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I’m a firm believer that there are markers in our journey through life. That we reach a fork in the road and we can take the easy route or the hard one.

I refer to these moments as waypoints.

They are particular moments of decision.

Like waypoints in video games, they are either where we can continue the journey or stop and do something else.

For too long I’ve fought against the journey, taken the easy road. It’s either been through alcohol to numb my senses or through straight up asshole attitude.

But I’ve begun to learn from all the times I took the easy route.

There are maybe two times in my life that I believe I’ve taken the difficult path.

When I started dating my wife and when we moved our family to Utah.

I’ve thought about these moments quite a bit as I follow the path of sobriety.

What I’ve learned is I either haven’t tried hard enough or it did things out of fear.

Fear of rejection, fear of failure, and biggest of all for me, fear of abandonment.

That last one is bitch. I’ve felt like a lot of people abandoned me at one point or another for various reasons.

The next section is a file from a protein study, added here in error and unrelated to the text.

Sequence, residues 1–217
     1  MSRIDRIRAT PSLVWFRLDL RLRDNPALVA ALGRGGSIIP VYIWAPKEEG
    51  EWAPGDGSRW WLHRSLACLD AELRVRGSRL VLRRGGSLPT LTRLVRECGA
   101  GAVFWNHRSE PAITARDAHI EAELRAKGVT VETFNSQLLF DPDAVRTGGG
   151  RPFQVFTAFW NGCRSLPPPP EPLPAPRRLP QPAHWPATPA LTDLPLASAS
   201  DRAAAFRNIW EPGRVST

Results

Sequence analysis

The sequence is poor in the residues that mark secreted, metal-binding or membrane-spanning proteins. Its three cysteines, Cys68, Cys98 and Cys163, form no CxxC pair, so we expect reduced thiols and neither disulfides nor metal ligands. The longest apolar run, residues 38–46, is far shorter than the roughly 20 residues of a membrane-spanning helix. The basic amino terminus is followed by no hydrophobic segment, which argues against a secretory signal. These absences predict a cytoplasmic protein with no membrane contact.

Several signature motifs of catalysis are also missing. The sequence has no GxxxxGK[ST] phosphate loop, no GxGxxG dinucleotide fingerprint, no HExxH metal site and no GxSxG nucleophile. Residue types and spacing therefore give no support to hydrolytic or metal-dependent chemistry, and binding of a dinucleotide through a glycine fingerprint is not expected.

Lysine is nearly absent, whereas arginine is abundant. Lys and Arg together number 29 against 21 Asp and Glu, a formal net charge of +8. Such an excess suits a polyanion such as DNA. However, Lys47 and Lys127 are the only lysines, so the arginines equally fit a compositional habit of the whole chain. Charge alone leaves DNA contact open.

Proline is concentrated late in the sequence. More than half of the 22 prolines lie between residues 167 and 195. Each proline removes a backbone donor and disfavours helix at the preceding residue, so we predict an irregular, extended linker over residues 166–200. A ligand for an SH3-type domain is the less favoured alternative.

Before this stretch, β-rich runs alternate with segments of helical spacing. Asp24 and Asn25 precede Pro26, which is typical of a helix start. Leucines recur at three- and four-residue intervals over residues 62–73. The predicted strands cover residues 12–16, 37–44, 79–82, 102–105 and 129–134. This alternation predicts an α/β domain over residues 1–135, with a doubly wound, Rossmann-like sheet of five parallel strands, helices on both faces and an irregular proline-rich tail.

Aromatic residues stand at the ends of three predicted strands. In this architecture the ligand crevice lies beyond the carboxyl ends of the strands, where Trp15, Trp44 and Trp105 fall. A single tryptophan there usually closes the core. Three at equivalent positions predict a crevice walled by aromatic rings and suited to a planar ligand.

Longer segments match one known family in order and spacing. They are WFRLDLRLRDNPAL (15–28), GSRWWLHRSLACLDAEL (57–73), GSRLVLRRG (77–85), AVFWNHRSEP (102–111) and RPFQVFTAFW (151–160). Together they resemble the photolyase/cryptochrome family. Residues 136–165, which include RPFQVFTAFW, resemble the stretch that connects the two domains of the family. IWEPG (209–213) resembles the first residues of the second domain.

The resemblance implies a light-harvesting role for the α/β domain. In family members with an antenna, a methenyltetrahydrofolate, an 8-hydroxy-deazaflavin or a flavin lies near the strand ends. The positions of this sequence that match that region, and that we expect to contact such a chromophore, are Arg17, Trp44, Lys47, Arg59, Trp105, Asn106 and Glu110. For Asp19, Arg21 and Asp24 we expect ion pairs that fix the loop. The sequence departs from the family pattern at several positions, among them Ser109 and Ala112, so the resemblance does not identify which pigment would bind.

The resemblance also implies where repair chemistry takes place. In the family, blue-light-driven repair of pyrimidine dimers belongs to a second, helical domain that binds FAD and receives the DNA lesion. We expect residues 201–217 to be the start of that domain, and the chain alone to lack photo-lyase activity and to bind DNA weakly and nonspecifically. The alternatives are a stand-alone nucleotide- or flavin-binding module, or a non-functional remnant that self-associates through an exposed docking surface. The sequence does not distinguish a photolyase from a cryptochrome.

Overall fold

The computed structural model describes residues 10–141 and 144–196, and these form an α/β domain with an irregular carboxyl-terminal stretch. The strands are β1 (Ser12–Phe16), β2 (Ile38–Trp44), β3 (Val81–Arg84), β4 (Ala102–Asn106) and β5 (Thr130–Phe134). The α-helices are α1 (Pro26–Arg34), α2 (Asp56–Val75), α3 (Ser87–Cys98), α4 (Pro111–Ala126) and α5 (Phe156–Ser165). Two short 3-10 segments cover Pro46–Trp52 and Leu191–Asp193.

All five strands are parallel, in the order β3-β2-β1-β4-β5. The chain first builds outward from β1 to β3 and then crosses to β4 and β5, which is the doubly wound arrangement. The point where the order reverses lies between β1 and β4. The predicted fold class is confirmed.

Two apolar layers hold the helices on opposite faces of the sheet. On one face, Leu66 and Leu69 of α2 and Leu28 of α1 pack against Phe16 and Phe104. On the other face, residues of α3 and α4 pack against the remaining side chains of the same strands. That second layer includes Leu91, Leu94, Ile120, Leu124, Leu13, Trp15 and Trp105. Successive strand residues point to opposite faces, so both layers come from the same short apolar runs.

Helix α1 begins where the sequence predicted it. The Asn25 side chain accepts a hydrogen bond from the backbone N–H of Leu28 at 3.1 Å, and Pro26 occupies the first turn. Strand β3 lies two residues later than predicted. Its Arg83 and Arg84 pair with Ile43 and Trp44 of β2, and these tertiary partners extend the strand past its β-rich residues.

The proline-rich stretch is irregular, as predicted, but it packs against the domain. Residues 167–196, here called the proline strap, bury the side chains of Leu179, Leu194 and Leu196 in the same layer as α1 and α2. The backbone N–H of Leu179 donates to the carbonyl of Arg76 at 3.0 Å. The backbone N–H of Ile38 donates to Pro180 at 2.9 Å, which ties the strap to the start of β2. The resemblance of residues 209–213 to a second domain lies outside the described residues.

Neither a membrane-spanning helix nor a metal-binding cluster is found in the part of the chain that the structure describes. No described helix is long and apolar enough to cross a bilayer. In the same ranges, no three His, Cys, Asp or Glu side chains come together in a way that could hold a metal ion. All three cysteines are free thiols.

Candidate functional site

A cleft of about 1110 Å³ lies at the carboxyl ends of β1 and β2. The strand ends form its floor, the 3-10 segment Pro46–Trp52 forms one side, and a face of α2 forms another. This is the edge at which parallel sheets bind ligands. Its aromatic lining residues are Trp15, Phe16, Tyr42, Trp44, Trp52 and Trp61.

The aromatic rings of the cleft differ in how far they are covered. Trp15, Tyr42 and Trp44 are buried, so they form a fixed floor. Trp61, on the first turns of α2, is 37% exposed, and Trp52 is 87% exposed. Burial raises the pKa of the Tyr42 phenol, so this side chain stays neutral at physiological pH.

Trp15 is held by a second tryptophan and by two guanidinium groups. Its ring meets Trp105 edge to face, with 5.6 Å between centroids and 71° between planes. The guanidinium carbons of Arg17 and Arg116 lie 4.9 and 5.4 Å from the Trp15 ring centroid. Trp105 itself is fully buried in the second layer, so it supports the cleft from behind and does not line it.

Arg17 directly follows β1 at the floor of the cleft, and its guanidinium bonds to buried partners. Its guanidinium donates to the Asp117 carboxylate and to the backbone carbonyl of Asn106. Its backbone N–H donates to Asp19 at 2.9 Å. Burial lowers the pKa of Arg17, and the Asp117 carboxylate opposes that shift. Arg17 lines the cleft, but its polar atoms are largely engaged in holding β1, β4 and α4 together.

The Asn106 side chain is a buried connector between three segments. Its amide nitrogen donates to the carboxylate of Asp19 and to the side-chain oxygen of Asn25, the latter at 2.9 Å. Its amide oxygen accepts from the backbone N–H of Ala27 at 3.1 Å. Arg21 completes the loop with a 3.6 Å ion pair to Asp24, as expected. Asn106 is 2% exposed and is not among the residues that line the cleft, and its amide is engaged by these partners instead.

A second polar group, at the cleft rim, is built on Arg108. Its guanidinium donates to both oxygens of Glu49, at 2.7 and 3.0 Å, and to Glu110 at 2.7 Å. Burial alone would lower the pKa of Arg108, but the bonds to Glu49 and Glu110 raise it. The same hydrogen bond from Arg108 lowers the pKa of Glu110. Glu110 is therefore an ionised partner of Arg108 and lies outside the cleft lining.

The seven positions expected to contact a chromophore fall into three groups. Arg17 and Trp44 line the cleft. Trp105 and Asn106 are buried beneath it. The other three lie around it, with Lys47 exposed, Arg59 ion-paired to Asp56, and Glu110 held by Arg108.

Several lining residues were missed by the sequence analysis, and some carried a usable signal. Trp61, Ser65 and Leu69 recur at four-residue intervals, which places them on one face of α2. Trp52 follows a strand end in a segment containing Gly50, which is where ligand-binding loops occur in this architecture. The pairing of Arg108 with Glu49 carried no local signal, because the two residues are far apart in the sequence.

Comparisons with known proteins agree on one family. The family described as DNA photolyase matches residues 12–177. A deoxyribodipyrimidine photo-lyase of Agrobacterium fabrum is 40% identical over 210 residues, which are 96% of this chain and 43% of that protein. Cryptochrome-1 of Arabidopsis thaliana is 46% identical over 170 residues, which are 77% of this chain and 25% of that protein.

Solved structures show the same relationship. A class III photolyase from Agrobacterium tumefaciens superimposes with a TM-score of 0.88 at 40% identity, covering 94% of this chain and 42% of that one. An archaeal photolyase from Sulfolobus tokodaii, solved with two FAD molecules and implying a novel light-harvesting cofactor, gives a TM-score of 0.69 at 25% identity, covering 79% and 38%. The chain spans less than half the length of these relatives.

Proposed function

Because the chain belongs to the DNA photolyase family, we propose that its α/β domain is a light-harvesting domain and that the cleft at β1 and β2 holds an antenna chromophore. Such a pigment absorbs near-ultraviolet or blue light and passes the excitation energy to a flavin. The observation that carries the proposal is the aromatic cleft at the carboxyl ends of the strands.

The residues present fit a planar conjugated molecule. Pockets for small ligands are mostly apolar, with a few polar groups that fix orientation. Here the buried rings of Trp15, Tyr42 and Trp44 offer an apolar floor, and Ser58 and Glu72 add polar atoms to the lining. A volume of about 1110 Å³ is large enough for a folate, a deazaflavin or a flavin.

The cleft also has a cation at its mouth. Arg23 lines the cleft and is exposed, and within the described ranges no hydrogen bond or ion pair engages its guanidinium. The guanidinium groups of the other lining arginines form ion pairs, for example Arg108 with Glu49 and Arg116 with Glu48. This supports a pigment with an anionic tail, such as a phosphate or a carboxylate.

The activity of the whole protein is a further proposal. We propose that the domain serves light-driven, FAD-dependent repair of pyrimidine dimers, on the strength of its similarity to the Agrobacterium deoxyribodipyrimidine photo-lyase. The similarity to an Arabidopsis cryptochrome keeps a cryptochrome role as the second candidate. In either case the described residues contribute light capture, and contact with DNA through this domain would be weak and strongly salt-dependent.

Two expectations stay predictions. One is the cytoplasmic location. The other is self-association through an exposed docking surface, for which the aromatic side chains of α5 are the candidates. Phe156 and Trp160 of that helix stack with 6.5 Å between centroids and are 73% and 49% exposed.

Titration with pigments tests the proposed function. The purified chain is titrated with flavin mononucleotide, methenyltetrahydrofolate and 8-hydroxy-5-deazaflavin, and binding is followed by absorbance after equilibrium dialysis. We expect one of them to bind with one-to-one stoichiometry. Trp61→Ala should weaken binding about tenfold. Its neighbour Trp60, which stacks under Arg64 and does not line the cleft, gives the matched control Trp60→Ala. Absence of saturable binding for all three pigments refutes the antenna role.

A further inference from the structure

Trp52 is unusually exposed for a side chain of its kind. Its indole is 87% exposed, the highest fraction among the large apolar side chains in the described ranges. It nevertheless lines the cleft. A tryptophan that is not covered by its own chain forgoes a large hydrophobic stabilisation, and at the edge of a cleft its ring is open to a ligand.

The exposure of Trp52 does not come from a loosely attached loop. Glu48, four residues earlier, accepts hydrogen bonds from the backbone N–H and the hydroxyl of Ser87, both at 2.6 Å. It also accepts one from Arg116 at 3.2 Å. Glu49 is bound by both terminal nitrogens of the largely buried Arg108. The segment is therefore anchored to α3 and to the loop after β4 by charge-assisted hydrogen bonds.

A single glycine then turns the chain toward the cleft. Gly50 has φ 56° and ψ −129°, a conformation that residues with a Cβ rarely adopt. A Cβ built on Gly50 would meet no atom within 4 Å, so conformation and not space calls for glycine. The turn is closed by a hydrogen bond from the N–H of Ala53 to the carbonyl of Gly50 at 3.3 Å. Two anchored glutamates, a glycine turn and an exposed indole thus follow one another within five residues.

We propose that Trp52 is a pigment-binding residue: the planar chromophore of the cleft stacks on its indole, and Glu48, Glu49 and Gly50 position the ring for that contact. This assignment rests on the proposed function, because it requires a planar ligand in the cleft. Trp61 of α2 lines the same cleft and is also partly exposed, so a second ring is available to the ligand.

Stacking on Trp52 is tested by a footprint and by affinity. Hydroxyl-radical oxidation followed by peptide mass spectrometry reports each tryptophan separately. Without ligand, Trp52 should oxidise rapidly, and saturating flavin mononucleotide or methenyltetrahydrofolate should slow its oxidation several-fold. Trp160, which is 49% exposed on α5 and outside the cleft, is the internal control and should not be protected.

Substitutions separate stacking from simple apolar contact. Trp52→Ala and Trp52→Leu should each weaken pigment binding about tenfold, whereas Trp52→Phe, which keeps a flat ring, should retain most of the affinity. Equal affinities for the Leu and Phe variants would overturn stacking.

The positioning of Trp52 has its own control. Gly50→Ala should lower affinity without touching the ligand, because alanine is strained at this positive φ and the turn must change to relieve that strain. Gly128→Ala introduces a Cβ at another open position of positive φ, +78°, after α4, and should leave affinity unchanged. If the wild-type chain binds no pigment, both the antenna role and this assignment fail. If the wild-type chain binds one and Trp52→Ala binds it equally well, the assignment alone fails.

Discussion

My wife is the only one whose stood by me through my alcoholism, my temper, my assholishness, and the mental breakdown I had in 6 years ago.

I’m getting to a point where I’m comfortable talking about these things. And I consider that the biggest breakthrough in my life.

There are still things I’m not ready to talk about publicly, but I am writing all of them down.

I hope you’re all doing well and that you’re following the path for you.

My path was constructed for who I am. Don’t let anyone say your path isn’t the right one. I listened to that shit for too long and it got me nothing but pain.

I’ve reached a new waypoint and it’s a difficult one.

Muse and Motivation, where have you gone?

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If you’re a long time reader you know my struggles with motivation. Well, I feel someone else has flown the coop.

I’ve been trying to stay motivated lately but I stare at my phone more than Scrivener.

When I do write, it doesn’t feel good and the fiasco of the missing 25,000 words hasn’t helped.

I feel like any motivation I have at one moment is gone the next. That my muse has flown away. I hope her wings have been singed by the frustration and anger pouring off of me.

So I feel I’ve reached that crossroads, the move on or die point. What I call waypoints.

It’s been hectic, to say the least. My mind has broken itself up into separate entities to deal with shit. Now with the motivation to write, the feeling that I’m failing myself, and that sobriety is making me feel better, I’ve reached a waypoint.

I can stop this train right now. Get off and never struggle with writing again, or I can what I know, fix what I’ve struggled with(hint editing)and do this shit for real.

I’ll have to do things I’m not comfortable with. I know I’m not happy with how my writing or how I’ve dealt with childhood trauma, but getting better is an everyday journey.

One step after another brother, one step after another.